Domination the result of greater resources
Strength rests on athletic diversity
When it comes to which conference is the powerhouse in women's sports, the conversation begins and ends with the SEC. Whichever women's sports the SEC does not dominate, it's likely only because the schools within the SEC have not yet committed themselves to dominating.
For example: It wasn't long ago that the SEC was perfectly mediocre in the (then up-and-coming) sport of women's softball. (The game was dominated at the Division I level by the Pac-10, which of course is now the Pac-12.) Fast-forward a few years and the SEC has now produced two of the past three NCAA champions; the one year in that stretch the conference didn't win it all -- in 2013 -- Tennessee was the runner-up.
So, yeah, if the SEC -- with its almost limitless resources thanks to football -- wants to dominate, the SEC will dominate. We can't overlook the brand exposure these women's programs receive because of the lucrative TV deals secured by their football counterparts. The financial piece is one that few other conferences -- and perhaps only the ACC, with its fantastic men's basketball -- can measure up with.
The chain of events looks like this: money pours in; facilities become sparkling and new; recruits flock to SEC schools.
Of course, the marquee women's sport is still basketball. And, top to bottom, the SEC is the most competitive league in the country, especially with the recent addition of Texas A&M, the 2011 NCAA champs. There are so few programs (perhaps none?) in the SEC that an opponent can count as an automatic win. In fact, last season, every team in the SEC finished with a double-digit win total -- meaning that in nonconference, most of these programs were really hard to beat. One could even argue that the only reason the SEC hasn't won more titles in women's basketball in recent years is because of the coaching transition at Tennessee -- from the legendary Pat Summitt to Holly Warlick. Now, with some top-notch recruiting classes, the Lady Vols seem poised for another run at another NCAA title.
But women's basketball and softball aren't the only sports the SEC dominates, although they certainly are the marquee women's sports. The SEC also routinely produces champions in women's gymnastics, swimming and diving and track and field.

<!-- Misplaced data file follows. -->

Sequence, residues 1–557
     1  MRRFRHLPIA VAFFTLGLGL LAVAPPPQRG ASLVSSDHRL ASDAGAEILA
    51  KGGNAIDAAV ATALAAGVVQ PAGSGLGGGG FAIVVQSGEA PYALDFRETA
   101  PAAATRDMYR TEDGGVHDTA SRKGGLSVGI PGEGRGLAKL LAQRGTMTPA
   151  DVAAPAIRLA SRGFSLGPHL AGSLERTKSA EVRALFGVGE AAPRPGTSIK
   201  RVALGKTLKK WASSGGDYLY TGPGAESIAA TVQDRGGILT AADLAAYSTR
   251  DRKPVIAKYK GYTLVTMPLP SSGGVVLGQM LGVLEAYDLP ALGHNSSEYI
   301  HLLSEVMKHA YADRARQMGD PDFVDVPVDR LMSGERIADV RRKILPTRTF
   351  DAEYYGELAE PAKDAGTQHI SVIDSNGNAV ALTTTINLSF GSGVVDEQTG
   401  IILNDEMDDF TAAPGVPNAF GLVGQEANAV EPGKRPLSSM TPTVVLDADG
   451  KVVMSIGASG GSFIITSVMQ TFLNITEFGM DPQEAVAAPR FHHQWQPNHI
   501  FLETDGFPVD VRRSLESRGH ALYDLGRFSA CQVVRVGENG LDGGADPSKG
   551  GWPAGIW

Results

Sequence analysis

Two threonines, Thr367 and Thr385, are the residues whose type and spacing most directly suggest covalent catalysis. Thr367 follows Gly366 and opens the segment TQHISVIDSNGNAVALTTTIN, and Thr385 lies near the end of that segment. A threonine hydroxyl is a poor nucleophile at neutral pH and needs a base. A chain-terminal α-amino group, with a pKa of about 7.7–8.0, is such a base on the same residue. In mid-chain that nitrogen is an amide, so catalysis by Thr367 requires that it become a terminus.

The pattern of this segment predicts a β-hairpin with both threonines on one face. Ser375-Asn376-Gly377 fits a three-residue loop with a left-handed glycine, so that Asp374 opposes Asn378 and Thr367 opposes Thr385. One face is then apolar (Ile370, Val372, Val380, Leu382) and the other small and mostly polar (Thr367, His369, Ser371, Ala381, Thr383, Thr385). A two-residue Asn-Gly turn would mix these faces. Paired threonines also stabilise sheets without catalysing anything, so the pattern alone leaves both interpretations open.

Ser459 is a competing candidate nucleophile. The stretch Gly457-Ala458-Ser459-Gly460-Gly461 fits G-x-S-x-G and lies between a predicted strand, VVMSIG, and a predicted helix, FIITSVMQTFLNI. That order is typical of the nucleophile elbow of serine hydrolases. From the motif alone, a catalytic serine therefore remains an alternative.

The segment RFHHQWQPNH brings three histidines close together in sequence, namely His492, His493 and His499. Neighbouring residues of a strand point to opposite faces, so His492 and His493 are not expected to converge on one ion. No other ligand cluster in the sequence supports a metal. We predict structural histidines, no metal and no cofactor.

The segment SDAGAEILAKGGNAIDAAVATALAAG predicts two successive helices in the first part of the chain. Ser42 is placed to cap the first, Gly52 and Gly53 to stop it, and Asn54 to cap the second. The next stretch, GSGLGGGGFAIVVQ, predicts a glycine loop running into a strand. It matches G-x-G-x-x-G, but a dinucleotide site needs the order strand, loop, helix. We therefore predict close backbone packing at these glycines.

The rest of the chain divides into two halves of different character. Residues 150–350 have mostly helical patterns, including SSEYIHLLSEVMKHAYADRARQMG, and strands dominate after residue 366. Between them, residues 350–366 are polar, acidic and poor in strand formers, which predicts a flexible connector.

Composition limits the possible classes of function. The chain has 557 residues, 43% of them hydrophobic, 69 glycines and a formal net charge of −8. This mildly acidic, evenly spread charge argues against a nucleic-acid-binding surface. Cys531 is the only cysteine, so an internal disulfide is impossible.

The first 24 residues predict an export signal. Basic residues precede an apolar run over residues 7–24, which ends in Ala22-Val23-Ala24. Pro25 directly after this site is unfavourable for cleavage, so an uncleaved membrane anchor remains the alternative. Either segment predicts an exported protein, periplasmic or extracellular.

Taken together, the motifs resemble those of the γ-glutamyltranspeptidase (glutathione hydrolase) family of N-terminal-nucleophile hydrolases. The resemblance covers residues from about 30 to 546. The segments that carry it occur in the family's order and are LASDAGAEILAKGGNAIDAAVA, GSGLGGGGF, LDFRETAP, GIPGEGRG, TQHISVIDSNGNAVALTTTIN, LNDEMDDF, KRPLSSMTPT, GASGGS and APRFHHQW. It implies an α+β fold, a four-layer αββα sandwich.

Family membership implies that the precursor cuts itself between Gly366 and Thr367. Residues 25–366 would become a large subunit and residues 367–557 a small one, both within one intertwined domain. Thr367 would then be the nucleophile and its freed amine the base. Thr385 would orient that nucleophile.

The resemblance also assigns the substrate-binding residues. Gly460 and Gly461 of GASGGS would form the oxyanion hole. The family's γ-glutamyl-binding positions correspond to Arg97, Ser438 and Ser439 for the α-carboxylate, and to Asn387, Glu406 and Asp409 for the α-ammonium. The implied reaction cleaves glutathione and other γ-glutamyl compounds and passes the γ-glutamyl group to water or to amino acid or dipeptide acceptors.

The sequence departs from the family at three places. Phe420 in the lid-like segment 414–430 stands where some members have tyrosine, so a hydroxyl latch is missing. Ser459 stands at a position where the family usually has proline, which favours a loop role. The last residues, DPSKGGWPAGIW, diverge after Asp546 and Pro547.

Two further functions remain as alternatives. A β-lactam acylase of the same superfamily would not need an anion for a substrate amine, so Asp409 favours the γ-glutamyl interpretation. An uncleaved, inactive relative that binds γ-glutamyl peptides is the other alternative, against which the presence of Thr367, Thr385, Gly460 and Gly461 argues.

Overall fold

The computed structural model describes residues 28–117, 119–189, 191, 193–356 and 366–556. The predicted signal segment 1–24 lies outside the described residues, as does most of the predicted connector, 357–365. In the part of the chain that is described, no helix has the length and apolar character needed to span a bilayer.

And the conference could probably add to that list -- if it decided it wanted to.
It may not be the ideal time to make the case for the ACC, given that it produced just two national champions in women's team sports during 2013-14 and Maryland's lacrosse team took half that haul with it to the Big Ten, but the case for the conference rests in the quality of its quantity.
It is difficult to find a sport in which the ACC isn't competitive. And it is difficult to find a sport the ACC doesn't play.
Admittedly, it is tough to compete with the SEC when that conference decides it wants to take a sport seriously. Its ability to transform from a softball wasteland to arguably that sport's power base in short order is remarkable -- not just on the field but in facilities, crowds and compensation for coaches. At the same time, the SEC still punches below its weight in soccer, hasn't made a semifinal appearance in basketball since 2008 or volleyball since 2005 and doesn't sponsor sports like lacrosse, field hockey, ice hockey or water polo.
The ACC has signature sports. Louisville's arrival makes up for Maryland's departure in basketball, and no conference can match the depth of Final Four programs that exists with Duke, Louisville, North Carolina and Notre Dame. All reached the Final Four in the past decade. No other conference can say the same.
ACC women's soccer may be the single most competitive conference in any college sport. Its teams forced to sink or swim with Anson Dorrance's legendary North Carolina program, the ACC routinely sends multiple teams to the College Cup. Four of the top five teams in this season's NSCAA preseason Top 25 are from the conference.
But other conferences have bellwether sports, too. As much as showcase sports, the ACC's strength rests on its athletic diversity. It leads the way in field hockey and lacrosse, sports that rivals like the SEC and Pac-12 don't officially sponsor (schools from those conferences that do compete in those sports have until now played in leagues like lacrosse's Mountain Pacific). It isn't a power broker in sports like volleyball, softball or track, but it produces credible national programs and rarely embarrasses itself. It does just about everything and does most of it well.